Misschien vind je het e-mailkanaal inmiddels een beetje ouderwets, maar als je het goed doet, is communiceren via e-mail nog steeds fijn voor zowel bedrijf als klant. Klanten kunnen 24/7 contact opnemen – op hun dooie gemak, want niemand aan de andere kant van de lijn wordt ongeduldig. Win-win voor iedereen. Of niet? Sommige bedrijven zetten dit kanaal alleen maar in omdat het voor hen makkelijker is. Ze gebruiken e-mail programma’s waarmee ze supersnel kunnen reageren – niet omdat dat fijn is voor de klant (die mag blij zijn als zijn vraag überhaupt volledig werd beantwoord) maar omdat het de kosten drukt. Tijd is geld. Het gaat deze bedrijven om vinkjes zetten, niet om klanten helpen. De verkeerde mindset Een paar dagen geleden was ik zelf zo’n vinkje. Ik had een online klantenservice-formulier ingevuld om mijn vraag te stellen aan een groot bedrijf in huishoudelijke artikelen. Het onderwerp van de e-mail die ik terugkreeg? ‘1’. Het cijfer, ja, en niets anders. Dat was op z’n minst al een vreemd voorteken. Het volledige antwoord copy-paste ik maar even: Thank you for your inquiry of [X brand] products. We only service the United States and Canada from this location. Please contact the facility closest to you for further assistance. They will be happy to assist you. You can view all of our offices worldwide at [X website]. We apologize for any inconvenience this may have caused. Het intrigerende aan deze macro – want dat is het – is dat dit voorgeprogrammeerde antwoord ooit is opgesteld met als enige doel de klanten te laten weten hoe onbelangrijk ze zijn. Er zit niets in dat het tegendeel uitstraalt. Kortom, sommige klantenservice-medewerkers zitten vast in de verkeerde mindset. Het gaat hen enkel en alleen om het verwerken van zoveel mogelijk e-mails. Klanten helpen aan het juiste antwoord? Nee joh, hoezo? Dezelfde mindset hebben de vele marketingmensen die zich richten op advertenties en het binnenhalen van nieuwe klanten. Gek, want wie iets meer moeite stopt in het reageren op klantvragen, krijgt er zonder adverteren zoveel meer blije klanten bij! Begin met het toepassen van onderstaande regels, en je komt al een heel eind…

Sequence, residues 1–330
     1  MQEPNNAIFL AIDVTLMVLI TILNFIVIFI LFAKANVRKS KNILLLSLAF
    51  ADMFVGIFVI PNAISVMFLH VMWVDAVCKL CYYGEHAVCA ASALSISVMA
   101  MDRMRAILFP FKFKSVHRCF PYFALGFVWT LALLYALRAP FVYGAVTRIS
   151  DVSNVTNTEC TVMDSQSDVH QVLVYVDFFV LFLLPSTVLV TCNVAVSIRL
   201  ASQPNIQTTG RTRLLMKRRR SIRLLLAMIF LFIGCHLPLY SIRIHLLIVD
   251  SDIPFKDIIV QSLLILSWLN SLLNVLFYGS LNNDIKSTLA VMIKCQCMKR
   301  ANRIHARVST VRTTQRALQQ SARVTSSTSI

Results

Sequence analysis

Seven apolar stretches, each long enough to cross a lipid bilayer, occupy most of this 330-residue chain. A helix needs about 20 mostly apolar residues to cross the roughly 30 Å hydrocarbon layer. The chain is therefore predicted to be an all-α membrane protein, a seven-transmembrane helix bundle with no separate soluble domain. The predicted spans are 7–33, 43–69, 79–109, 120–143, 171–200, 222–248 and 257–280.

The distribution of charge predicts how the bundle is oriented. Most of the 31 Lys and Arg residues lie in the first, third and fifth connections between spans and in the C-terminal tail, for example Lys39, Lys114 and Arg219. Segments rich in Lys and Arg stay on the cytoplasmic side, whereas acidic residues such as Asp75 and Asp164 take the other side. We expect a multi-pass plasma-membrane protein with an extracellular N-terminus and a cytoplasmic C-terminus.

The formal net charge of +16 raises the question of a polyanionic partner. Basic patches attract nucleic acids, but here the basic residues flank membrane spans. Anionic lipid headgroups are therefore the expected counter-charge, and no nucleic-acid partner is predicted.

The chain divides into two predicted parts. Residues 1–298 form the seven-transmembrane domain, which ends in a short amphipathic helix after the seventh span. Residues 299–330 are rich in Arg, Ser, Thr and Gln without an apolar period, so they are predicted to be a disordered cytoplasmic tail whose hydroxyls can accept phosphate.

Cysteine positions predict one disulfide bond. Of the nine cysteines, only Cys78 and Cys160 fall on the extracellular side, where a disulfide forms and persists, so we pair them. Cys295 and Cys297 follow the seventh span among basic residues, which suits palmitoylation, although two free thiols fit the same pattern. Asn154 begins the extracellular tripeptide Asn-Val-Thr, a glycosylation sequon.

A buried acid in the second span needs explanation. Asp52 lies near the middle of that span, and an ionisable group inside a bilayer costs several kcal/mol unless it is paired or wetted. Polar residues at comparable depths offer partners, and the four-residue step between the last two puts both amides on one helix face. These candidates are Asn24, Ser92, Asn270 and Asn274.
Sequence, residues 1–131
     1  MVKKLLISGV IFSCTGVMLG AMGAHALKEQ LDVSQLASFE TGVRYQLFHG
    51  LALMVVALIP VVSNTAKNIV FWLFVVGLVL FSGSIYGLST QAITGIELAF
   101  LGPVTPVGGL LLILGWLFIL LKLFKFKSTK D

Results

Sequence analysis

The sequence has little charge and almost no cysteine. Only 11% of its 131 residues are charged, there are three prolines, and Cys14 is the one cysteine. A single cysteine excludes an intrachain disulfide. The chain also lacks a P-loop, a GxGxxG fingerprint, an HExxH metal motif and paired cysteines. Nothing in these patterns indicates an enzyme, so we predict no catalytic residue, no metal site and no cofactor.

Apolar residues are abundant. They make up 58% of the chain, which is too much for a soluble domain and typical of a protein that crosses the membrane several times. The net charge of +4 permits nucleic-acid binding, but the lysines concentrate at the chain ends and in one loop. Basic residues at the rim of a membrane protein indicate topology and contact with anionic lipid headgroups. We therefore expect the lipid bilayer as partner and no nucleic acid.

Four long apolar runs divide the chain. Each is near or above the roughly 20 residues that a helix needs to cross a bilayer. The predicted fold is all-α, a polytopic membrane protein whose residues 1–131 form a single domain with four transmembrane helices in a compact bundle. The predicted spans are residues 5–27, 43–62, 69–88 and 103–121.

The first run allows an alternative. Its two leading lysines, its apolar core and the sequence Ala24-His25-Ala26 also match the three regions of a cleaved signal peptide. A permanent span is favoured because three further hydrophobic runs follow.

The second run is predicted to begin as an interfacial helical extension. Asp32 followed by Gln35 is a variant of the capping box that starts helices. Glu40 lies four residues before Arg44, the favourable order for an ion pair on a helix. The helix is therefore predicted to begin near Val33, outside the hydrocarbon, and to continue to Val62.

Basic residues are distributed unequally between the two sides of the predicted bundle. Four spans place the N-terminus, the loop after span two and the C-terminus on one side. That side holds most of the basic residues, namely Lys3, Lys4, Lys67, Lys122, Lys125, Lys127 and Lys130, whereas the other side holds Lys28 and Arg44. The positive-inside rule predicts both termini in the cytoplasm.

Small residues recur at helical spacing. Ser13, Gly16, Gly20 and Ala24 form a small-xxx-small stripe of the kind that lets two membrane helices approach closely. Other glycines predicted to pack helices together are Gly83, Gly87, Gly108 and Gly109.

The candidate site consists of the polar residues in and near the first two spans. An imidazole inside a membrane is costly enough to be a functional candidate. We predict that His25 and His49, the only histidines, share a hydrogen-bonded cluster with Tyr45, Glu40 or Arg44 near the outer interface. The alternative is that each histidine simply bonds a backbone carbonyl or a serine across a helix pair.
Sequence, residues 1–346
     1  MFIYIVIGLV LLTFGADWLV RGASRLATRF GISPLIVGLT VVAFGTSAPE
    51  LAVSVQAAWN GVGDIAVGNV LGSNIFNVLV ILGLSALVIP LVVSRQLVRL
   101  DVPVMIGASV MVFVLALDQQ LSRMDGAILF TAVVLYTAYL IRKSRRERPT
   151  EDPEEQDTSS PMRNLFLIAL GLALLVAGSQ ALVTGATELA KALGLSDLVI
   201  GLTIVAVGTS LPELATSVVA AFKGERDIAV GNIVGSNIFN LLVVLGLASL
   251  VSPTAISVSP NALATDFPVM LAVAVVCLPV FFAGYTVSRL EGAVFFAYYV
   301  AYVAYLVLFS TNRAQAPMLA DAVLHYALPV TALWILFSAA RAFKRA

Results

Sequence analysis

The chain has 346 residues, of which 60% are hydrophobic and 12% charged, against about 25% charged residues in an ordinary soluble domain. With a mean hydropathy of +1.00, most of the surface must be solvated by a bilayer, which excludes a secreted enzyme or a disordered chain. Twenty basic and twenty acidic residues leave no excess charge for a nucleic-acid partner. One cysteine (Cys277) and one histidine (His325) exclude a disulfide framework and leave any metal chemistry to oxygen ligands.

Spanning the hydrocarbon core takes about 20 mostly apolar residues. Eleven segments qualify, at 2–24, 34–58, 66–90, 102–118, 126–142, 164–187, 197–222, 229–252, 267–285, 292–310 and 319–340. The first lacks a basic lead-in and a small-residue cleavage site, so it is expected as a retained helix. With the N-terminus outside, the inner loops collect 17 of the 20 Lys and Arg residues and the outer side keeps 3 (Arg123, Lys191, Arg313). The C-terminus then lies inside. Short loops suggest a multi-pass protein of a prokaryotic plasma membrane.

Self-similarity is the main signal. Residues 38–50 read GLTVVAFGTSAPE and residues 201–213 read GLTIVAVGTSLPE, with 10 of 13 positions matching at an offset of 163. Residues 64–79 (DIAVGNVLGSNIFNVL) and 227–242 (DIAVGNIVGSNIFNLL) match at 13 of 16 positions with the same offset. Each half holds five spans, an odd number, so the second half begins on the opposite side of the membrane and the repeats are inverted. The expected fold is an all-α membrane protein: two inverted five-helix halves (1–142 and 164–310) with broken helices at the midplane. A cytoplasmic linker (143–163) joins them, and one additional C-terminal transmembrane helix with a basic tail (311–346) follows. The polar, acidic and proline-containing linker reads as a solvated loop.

1. Personaliseer het onderwerp van je e-mail